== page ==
The information required by this item is incorporated by reference from our definitive proxy statement to be filed not later than 120 days after the end of the fiscal year covered by this Annual Report on Form 10-K pursuant to Regulation 14A.
The information required by this item is incorporated by reference from our definitive proxy statement to be filed not later than 120 days after the end of the fiscal year covered by this Annual Report on Form 10-K pursuant to Regulation 14A.
Pursuant to the requirements of Section 13 or 15(d) of the Securities Exchange Act of 1934, the registrant has duly caused this report to be signed on its behalf by the undersigned thereunto duly authorized.
Date: March 14, 2006
Pursuant to the requirements of the Securities Exchange Act of 1934, this report has been signed by the following persons in the capacities indicated and on the 14th day of March, 2006.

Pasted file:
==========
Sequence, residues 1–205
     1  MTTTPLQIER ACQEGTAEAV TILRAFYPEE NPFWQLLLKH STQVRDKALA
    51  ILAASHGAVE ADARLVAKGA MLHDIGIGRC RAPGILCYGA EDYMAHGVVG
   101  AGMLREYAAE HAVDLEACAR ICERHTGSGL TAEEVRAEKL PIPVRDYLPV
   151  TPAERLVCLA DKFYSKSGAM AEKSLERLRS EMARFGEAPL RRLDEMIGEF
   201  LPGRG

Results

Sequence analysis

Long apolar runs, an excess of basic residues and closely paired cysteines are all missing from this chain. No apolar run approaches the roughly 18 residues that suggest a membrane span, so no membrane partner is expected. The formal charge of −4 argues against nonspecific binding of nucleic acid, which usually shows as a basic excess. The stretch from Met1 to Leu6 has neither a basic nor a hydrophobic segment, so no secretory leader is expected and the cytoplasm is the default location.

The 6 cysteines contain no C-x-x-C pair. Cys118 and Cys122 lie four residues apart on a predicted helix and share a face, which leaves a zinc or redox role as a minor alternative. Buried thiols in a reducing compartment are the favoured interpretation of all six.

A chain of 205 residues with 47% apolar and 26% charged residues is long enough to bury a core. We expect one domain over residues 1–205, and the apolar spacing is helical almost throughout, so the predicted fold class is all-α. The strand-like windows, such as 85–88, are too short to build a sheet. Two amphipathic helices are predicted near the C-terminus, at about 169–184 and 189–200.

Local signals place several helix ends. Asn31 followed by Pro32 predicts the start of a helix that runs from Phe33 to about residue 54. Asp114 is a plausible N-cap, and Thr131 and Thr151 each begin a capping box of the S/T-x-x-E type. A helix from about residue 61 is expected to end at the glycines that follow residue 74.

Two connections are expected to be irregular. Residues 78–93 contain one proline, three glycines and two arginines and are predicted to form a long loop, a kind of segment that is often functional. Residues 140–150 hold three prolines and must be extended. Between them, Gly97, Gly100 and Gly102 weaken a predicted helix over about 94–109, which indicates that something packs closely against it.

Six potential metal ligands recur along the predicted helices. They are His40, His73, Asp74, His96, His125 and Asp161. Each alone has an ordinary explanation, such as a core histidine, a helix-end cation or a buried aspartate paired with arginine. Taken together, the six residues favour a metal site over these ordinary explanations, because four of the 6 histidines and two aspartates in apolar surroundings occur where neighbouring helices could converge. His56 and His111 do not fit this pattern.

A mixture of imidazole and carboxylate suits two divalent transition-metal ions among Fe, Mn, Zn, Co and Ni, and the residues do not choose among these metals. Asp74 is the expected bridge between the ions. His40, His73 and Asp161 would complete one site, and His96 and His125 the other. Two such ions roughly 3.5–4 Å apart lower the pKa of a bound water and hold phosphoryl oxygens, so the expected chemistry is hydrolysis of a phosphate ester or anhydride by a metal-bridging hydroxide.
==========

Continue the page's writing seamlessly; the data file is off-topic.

Our management is responsible for establishing and maintaining adequate internal control over financial reporting, as such term is defined in Exchange Act Rules 13a-15(f) and 15d-15(f). Under the supervision and with the participation of our management, including our Chief Executive Officer and Chief Financial Officer, we conducted an evaluation of the effectiveness of our internal control over financial reporting based on the framework in Internal ControlIntegrated Framework issued by the Committee of Sponsoring Organizations of the Treadway Commission. As permitted, we have excluded from our evaluation the acquisition of Copperfield, which is included in the consolidated financial statements and which represents 2.3% of consolidated total assets as of December 30, 2005 and 4.0% of consolidated net sales for the year ended December 30, 2005. Based on our evaluation, under the Internal ControlIntegrated Framework, our management concluded that our internal control over financial reporting was effective as of December 30, 2005. Our managements assessment of the effectiveness of our internal control over financial reporting as of December 30, 2005 has been audited by Deloitte & Touche LLP, an independent registered public accounting firm, as stated in their attestation report which is included herein.